The day that changed my life, maybe forever

Photo illustration: A pair of roller skates represent the fun that led to a dark time for Victoria Ivie. (Victoria Ivie/UT)

Victoria Ivie, Community News Reporter

I will never forget the color of the sky that day: A vivid blue flecked with clouds.

It was a slightly cool day Nov. 18, 2020, at the outdoor skatepark my friend and I frequented.

But on this day, instead of doing circles around the rink swaying to the music, as usual, I was on my back staring at the sky, tears streaming down my face.

I will never forget the sky that morning because that is what I stared at for ten minutes while waiting for the ambulance to take me to the nearest hospital.

That is the day I broke my leg.

I took up skating as one of my pandemic hobbies with my friends. Despite having broken my thumb the month before by catching myself on a stone bench, I didn’t have any fear that I would get hurt roller skating aside from some bruises. I went to every skate session with knee and elbow pads and wrist guards, and I never tried anything too advanced.

With those precautions, I thought I was invincible. 

I was wrong.

The moment I fell, I knew something was horribly awry.

I was in the big skate bowl at Monrovia skatepark, not doing any tricks but going around the flat base of the bowl — something I’d done a million times before.

I suddenly fell backwards. I fell with my left leg under me and my whole body slammed down on it. I was dazed and when I moved my leg out from under me, it felt as though moving a limp noodle. 

I called my mom before dialing 911.

“I fucked up,” I constantly repeated to her.

In my state of shock, I thought she would be mad at me and blame me for taking up roller skating. It was all I could think about.

Once the ambulance took me to Arcadia Methodist, things only got worse.

I don’t think I’ll ever forget the fat-phobic remarks the staff made. I heard the staff whispering and laughing right outside my door, making comments about how hard it was to get me out of the skatepark bowl and how hard it was to even get me on the gurney.

When I was wheeled in, the doctor, without having taken any X-Rays, said, “It doesn’t look broken.”

Perhaps because I was a woman or because I was fat, they viewed me as exaggerating about how serious my injury was. Despite calls and emails, a spokesperson for the hospital could not be reached.

Thankfully, I was told I’d be moved to a different hospital. The new EMTs moved me from bed to gurney with such ease that the nurse saw me off remarked on it, saying she was surprised because the other EMTs seemed to struggle to bring me in.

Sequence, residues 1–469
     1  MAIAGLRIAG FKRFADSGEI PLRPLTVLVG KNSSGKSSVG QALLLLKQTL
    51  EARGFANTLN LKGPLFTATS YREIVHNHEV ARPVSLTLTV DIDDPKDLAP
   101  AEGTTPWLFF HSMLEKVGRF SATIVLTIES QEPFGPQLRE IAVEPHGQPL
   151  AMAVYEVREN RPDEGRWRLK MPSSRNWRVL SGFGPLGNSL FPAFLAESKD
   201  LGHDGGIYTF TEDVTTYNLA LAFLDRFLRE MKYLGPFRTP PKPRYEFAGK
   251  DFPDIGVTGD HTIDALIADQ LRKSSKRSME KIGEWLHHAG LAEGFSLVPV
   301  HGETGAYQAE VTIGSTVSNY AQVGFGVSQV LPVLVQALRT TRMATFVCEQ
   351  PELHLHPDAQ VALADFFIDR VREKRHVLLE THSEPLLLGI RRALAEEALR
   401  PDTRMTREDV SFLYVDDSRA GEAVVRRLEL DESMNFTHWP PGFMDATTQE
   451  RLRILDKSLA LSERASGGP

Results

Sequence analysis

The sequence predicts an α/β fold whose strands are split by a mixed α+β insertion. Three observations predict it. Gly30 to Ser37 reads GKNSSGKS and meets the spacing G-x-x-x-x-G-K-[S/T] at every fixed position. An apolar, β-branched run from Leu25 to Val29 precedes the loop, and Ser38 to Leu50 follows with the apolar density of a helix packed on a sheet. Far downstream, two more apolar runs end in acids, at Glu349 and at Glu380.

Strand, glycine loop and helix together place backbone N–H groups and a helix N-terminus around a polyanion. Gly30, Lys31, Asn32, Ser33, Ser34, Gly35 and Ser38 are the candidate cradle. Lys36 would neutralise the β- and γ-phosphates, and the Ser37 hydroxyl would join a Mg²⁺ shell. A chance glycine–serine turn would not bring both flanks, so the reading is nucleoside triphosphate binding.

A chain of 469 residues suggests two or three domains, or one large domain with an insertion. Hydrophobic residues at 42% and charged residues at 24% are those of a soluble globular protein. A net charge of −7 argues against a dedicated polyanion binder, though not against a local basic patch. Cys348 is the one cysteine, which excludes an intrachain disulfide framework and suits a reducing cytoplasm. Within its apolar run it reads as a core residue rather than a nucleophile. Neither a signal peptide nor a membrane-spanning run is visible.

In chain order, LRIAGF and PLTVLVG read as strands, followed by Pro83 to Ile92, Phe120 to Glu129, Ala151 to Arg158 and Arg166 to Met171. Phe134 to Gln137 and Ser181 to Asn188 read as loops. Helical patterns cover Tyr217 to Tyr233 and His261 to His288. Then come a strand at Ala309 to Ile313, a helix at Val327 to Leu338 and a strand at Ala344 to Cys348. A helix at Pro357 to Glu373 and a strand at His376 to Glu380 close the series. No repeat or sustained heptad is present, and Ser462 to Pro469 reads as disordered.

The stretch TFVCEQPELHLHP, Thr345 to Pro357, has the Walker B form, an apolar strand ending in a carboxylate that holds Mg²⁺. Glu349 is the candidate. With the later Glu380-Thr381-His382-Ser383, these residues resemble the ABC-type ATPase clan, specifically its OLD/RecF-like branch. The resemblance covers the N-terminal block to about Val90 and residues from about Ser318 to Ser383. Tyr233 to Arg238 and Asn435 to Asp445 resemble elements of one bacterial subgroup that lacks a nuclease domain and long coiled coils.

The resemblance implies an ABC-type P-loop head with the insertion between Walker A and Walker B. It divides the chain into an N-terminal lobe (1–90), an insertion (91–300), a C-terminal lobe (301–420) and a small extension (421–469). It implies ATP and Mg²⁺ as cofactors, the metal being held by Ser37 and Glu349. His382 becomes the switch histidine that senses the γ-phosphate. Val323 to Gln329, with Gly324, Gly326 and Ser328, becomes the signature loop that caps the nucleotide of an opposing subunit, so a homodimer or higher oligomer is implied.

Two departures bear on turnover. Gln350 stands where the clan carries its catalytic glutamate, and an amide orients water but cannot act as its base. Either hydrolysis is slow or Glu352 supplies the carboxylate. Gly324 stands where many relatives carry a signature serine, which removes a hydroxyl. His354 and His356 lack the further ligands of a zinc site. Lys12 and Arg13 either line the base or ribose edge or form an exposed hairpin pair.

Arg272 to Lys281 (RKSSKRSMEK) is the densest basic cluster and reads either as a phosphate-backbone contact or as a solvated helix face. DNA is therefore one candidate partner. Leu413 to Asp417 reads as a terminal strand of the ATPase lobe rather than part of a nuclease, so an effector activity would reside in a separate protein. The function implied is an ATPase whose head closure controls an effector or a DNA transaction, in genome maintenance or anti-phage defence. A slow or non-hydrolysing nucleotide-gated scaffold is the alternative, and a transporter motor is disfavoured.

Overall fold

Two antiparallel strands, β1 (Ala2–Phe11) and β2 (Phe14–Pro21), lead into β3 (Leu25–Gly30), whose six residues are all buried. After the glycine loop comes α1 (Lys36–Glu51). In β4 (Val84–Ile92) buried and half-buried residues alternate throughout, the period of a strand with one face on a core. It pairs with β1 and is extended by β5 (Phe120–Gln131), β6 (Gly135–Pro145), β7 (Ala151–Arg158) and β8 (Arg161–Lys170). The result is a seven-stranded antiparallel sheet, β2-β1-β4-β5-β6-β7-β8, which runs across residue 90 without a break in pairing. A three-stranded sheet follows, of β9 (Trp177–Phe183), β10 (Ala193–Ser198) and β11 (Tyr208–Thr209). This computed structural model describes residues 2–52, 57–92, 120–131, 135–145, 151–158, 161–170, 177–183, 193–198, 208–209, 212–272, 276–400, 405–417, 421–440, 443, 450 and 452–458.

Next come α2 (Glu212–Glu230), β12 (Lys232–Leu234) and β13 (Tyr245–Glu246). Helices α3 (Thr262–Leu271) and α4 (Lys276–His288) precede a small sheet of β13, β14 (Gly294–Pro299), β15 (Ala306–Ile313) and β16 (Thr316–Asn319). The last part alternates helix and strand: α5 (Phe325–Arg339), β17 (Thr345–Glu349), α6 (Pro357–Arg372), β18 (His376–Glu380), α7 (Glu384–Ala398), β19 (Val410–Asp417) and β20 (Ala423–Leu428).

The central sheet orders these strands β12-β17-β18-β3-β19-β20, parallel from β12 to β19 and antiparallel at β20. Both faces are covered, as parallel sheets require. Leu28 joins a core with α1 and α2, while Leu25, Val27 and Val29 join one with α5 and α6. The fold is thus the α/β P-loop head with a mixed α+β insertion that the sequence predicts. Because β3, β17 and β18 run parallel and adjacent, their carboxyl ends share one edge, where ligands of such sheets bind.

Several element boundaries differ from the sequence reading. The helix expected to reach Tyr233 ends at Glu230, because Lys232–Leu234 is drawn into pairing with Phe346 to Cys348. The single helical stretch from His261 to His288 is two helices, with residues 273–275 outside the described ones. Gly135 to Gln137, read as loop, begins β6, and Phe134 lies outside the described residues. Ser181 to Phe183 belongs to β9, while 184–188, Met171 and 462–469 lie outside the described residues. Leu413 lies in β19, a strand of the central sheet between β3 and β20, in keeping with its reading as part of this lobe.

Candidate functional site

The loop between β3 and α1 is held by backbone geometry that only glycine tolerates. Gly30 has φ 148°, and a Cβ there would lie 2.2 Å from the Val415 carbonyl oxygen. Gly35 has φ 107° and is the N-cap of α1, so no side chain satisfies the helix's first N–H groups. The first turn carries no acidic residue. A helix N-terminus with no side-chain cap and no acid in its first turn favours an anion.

In the ambulance to transfer me to my insurance’s hospital, I found out I had broken the two major bones in my leg (the tibia and fibula) and would need surgery as soon as possible.

Having a serious injury during a pandemic is the scariest thing I’ve been through.

I worried the whole time I would get COVID and bring it home to my elderly grandfather. I wasn’t allowed any visitors. I would be going under anesthesia for the first time. I was in the worst pain I’d ever felt in my life and I considered myself to have a high pain tolerance. 

I was extremely lucky to still be on my mom’s great insurance plan. While I did worry quite a bit about how much everything would cost while in the hospital, I knew it would be nothing compared to if I wasn’t insured.

I was irrationally paranoid that when I went under for surgery, I wouldn’t wake up. The thought of never saying goodbye to my family in person and dying during my surgery had me shaking and crying on my way in. Luckily, all went well and I left with a rod, a steel plate, and a lot of screws.

The doctor later told me the screws were the only thing holding my fibula together.

The two weeks of bed rest following my surgery was the most depressed I have ever been. I cried every single day. I missed my birthday and Christmas, my favorite time of the year. Because of the pain and the size of my shower, I couldn’t even wash my own hair. My mom had to wash and rinse it for me while I sat in a chair outside.

I recall these days and many months after as extremely bleak. When I wasn’t sleeping the day away, I was crying or taking a seemingly endless rotation of pain medicine and daily blood thinner shots to avoid a blood clot from lack of circulation in my leg.

I had to relearn how to walk and attended physical therapy for seven months, going from wheelchair to walker to cane to finally walking without assistance — although much slower than before. 

This month marks one year since breaking my leg. My scars are healing really well. I am finished with physical therapy and am back at work with accommodations.